I was focused on the unusual menu, offering -- in an Ohio diner, just a ways away from every major sit-down chain eatery imaginable -- Cuban food.

Of course, the menu offers a hamburger (what diner wouldn't?), chili (with a twist) and the basic breakfast fare of Midwestern Ohio -- eggs, toast, potatoes, sausage and pancakes. But everything else has a Cuban or a Latino pedigree. And don't think chain taco restaurant because these dishes, from the huevos to the black beans and all the way down the list to the adobo (all brought from a California restaurant by Ms. Davis' partner), taste just right.

In fact, on a recent overnight trip to Dayton and back I chose to repeat my appearance at one of their tables.

Regular readers already know my routine, and yes, I did start with a cup of chili. This cup ($5) of meaty, thick, and chile-hot "chunky chili" came in a bowl, while the bowls ($7.50) come in large soup plates. Served with home-baked jalapeno corn bread, it was topped with cheese and green onions.

Breakfast is something I can eat anytime, and the special for the day (about $8) was a machacca omelet. No, I didn't know what a machacca omelet was, but it was stuffed with pot-roasted brisket, onions, peppers and queso fresco, a fresh white cheese. It also was served with the diner's homemade smoked chili sauce, which is the perfect backstop for a traditional Cuban pressed sandwich, created from layers of ham, roast pork, Swiss cheese, mustard and pickle squished inside the diner's home-baked rolls ($8). Riding alongside the sandwich were chunks of fried plantain. The sugars on the surface of the plantain had caramelized while frying and provided a sweet and crunchy coating for the interior, which tasted more like a hot banana than any banana has the right to.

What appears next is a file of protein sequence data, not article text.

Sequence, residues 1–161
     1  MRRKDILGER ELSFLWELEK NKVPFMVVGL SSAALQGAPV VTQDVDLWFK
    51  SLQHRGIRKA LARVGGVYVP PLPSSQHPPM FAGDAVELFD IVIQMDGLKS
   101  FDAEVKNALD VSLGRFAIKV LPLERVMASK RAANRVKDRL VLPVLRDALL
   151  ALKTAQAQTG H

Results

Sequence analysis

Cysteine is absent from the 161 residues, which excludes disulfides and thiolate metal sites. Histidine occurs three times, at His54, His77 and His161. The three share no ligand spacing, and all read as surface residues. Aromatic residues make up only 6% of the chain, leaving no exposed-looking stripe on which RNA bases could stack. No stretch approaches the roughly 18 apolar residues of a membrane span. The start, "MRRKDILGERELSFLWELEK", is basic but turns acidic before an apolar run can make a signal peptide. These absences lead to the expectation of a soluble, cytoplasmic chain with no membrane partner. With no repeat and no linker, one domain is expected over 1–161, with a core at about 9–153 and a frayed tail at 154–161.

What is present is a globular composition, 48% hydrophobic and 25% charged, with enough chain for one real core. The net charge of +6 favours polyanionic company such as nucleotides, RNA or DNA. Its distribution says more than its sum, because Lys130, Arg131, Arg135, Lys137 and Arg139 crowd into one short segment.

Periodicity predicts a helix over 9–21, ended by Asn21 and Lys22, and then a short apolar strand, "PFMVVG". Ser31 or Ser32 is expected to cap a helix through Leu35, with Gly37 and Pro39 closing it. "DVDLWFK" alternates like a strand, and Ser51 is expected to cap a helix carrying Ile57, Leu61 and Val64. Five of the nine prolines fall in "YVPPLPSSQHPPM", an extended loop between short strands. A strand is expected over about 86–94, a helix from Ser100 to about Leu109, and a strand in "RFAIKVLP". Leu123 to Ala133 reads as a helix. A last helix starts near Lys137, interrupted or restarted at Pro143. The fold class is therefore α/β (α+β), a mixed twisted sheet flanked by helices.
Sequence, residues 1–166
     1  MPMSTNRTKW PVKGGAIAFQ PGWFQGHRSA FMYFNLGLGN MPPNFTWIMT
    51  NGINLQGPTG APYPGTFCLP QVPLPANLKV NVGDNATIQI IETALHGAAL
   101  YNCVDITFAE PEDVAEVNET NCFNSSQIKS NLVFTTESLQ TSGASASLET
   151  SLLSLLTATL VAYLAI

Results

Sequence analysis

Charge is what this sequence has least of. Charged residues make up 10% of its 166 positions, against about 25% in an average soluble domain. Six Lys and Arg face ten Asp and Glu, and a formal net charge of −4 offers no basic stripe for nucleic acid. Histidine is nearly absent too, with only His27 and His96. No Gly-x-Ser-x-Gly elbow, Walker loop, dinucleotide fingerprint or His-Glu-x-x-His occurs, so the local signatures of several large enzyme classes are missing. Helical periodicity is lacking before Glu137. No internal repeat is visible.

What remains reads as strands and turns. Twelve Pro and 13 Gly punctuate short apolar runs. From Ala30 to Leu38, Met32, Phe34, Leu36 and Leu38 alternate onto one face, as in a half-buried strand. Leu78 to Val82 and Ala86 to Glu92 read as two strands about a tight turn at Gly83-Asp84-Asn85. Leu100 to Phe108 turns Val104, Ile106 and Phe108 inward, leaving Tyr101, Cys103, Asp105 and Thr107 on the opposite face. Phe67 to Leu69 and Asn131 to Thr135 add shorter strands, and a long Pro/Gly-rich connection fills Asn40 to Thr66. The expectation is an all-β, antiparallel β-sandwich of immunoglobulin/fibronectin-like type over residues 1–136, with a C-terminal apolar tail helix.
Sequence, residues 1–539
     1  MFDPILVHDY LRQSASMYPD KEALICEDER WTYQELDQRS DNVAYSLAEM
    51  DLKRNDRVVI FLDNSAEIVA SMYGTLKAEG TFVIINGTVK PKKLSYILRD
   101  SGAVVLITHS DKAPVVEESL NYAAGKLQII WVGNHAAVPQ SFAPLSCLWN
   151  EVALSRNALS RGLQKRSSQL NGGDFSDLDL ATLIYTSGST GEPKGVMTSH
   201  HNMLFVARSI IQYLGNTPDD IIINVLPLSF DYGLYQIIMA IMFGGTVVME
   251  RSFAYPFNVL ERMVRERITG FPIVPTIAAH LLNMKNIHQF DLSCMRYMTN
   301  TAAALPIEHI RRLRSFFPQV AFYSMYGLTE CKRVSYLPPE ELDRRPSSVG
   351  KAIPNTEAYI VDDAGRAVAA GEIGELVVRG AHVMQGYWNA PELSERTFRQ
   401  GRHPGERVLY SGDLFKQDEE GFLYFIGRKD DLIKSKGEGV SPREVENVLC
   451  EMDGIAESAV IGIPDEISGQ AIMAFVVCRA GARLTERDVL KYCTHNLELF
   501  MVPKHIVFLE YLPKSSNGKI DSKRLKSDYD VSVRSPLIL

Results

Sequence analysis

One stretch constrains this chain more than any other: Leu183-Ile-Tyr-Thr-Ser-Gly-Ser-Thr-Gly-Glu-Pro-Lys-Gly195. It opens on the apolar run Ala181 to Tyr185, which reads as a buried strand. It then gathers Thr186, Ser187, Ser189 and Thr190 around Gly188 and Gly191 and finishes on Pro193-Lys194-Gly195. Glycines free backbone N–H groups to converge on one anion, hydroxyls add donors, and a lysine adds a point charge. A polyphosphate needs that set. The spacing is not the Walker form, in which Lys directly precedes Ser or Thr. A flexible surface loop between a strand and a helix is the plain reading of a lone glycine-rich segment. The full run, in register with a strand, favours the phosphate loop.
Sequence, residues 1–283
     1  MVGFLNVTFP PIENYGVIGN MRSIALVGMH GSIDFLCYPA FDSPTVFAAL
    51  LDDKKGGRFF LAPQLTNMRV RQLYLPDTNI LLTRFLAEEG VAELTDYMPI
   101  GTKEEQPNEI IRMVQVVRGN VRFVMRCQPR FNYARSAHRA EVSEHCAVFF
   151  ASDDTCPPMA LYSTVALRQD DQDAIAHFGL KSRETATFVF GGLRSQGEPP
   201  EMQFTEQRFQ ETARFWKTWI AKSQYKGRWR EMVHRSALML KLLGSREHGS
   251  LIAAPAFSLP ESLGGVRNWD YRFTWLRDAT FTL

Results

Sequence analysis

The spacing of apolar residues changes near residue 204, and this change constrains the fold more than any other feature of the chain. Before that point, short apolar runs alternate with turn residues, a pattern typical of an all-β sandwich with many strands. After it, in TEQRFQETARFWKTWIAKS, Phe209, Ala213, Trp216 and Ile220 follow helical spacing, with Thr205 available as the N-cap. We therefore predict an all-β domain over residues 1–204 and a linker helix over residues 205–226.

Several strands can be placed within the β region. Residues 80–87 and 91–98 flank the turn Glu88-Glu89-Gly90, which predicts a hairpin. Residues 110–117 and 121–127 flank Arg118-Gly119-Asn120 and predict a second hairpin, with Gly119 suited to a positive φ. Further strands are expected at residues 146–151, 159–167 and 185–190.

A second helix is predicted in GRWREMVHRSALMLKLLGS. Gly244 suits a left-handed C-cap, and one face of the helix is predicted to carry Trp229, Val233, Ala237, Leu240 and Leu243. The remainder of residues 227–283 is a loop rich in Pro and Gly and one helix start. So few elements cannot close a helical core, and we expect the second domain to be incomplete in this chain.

If this had been an ordinary diner, with just good food, or just good service, or an interesting decor, Sherri and I might have opted for another brunch spot the next day. But the murals, the cheery wait staff and the chance to get a plate of Cuban roast chicken led me off the highway and back into Hilliard. During the first stop I had joked to the waiter that we probably would be back the next day. Now, how often does someone say that? Lots of times, I bet. But when we walked through the door, it turned out our waiter was the roommate of the guy from the day before. And he couldn't believe we actually were there.